US court drops suit state insurance officials brought against Vatican

By  Francis X. Rocca, Catholic News Service
  • February 3, 2012

VATICAN CITY - A federal court in Mississippi Feb. 2 dismissed a 10-year-old lawsuit accusing the Vatican of complicity in a scheme to bilk more than $200 million from insurance companies.

The state insurance commissioners of Mississippi, Tennessee, Missouri, Oklahoma and Arkansas had filed the lawsuit in 2002 charging the Vatican and Msgr. Emilio Colagiovanni with racketeering and fraud.

Jeffrey S. Lena, an attorney for the Holy See, noted in a statement that the dismissal "was not the result of any settlement agreement," and that the insurance commissioners had requested the court's action "of their own accord."

The end of the lawsuit demonstrates that "all too frequently there's an inappropriate jump, based on an incomplete record, made between what people thought happened and what happened," Lena told Catholic News Service.

The commissioners claimed that Msgr. Colagiovanni and the Holy See had aided financier Martin Frankel in purchasing small, ailing insurance companies, whose assets he then siphoned off, leaving them unable to pay claims.

"The plaintiffs knew that the Holy See never received any money" from Frankel's scheme, but chose to sue anyway, Lena said.

Lena noted that a federal court in Connecticut, using the appropriate procedures of international law in 2001, sought and obtained the Vatican's cooperation with an investigation of Frankel's scheme. The Vatican provided that court with relevant sworn testimony by Cardinal Giovanni Battista Re, then-prefect of the Vatican's Congregation for Bishops. But the plaintiffs in the Mississippi case never made any such attempt, Lena said.

The case itself followed a pattern of negligence by the insurance regulators, "who allowed Frankel's nine-year scheme to persist unabated" despite "highly unusual and improbable investment activities" and other "red flags" raised by the Frankel and his associates, Lena said in his statement.

Msgr. Colagiovanni, a retired judge of a Vatican court, was arrested during a visit to Cleveland in 2001 on charges of wire fraud and conspiracy to launder money.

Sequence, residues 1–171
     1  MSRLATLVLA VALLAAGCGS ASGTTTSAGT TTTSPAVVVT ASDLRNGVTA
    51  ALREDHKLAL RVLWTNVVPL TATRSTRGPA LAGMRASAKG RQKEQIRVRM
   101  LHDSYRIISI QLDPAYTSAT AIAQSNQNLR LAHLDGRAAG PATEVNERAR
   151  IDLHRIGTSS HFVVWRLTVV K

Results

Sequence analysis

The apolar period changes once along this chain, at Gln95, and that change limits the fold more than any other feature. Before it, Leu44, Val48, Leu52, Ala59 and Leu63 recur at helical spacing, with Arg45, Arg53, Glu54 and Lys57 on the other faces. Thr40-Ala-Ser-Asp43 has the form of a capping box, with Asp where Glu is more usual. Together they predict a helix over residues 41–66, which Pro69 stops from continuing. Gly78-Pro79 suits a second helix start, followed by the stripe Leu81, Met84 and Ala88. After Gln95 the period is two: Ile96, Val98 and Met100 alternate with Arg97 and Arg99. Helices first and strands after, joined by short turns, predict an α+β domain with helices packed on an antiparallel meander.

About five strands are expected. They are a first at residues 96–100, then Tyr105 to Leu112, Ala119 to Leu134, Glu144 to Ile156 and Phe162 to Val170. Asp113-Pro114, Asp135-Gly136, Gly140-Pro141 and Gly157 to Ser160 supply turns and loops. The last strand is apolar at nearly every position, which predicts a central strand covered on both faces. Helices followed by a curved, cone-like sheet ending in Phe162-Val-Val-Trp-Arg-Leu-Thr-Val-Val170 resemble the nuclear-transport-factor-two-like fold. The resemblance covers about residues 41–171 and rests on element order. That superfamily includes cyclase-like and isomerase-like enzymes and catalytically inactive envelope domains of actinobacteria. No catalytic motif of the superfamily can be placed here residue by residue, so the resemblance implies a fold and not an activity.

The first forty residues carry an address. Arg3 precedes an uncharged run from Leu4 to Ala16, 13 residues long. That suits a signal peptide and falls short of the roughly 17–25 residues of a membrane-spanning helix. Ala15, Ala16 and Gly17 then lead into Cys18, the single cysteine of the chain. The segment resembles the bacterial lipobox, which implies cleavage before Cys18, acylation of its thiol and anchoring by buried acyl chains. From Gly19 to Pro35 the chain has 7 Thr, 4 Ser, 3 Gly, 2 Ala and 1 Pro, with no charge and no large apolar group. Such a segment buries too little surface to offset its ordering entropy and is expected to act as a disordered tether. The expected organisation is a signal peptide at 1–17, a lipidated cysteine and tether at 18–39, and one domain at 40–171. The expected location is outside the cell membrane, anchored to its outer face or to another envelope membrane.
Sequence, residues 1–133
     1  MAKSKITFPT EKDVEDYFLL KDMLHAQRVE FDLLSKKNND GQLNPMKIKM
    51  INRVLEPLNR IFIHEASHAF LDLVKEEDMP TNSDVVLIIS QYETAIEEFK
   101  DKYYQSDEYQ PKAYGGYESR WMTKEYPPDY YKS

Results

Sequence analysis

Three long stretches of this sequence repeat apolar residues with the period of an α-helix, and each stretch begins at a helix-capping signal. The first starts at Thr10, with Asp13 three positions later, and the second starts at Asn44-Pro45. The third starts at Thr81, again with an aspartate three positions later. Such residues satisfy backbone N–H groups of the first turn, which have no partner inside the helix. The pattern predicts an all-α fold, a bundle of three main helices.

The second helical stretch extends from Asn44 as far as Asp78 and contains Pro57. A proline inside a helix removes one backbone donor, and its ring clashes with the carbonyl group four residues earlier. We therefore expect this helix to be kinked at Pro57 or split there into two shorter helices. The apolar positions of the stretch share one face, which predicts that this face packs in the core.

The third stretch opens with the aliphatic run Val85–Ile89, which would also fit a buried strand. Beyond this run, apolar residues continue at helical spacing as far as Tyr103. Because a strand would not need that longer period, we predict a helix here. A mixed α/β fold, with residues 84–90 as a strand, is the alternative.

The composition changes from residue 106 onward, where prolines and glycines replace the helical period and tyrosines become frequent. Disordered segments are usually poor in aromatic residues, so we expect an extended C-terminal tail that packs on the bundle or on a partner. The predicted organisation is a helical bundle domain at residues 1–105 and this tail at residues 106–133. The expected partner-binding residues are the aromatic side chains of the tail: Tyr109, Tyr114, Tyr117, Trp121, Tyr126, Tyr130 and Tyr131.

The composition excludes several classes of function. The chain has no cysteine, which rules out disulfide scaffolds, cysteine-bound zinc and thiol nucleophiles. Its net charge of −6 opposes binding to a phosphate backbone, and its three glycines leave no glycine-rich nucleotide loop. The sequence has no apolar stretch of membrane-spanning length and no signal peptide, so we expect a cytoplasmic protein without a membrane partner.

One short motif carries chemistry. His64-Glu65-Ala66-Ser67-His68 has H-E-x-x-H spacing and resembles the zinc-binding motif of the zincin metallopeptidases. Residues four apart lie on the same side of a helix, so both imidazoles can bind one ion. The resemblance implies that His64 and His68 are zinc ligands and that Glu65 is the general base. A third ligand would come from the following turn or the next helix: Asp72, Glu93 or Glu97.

In 2002, he pleaded guilty to federal counts of conspiracy to commit wire fraud and money laundering. The same year he pleaded guilty in state court in Mississippi to one count of conspiracy to decide state insurance regulators. In 2004, he was fined $15,000 by a federal judge and placed on five years' probation.

According to the commissioners' lawsuit, Msgr. Colagiovanni and the Vatican helped Frankel purchase companies, through charitable foundations and with a letter claiming the Vatican had given funding to Frankel's St. Francis of Assisi Foundation.

Msgr. Colagiovanni admitted in 1999 that he had signed the letter even though he knew the claim was false, because Frankel had told him he wanted to donate millions of dollars to Catholic charities anonymously through the foundation.

Lena noted that Frankel set up the foundation in the British Virgin Islands only after the Vatican's then-Secretary of State Cardinal Angelo Sodano rejected in writing a proposal by Frankel's associates to establish it in the Vatican.

Frankel, who is now in prison in the United States, also allegedly tried to use the Vatican bank account of the Monitor Ecclesiasticus Foundation, a foundation which Msgr. Colagiovanni headed as president. The Naples-based foundation published a canon law journal but was not an agency of the Vatican, Lena said.

"That Colagiovanni was ever in any way a representative of the Holy See is the fantasy that animated the plaintiffs' 10-year case," Lena said.

The 92-year old priest, who now lives in a nursing home in Italy, was already suffering from the early stages of Alzheimer's during his dealings with Frankel, said Lena, who concluded that "in the end, this was an elder abuse case."

As Lena told CNS, the commissioners had requested the court's action, and in a statement to CNS in Washington, the commissioners said that filing the motion for dismissal "was not filed due to any perceived defect or deficiency in the receivers' evidence or in their legal theories of liability against the Holy See."

Their evidence, it said, included "the federal fraud conviction of Monsignor Emilio Colagiovanni for his role in assisting in Martin Frankel's conspiracy to loot these seven insurance companies."

The decision to dismiss their claims "was an economic one," according to the statement.

"Given the passage of time and the lack of progress in the case, combined with significant recoveries obtained by the receivers from other parties as well as successful asset recovery efforts," it said, "the receivers determined that it was not in the financial interest of their estates, or to the claimants of their estates, to pursue the case against the Holy See further."

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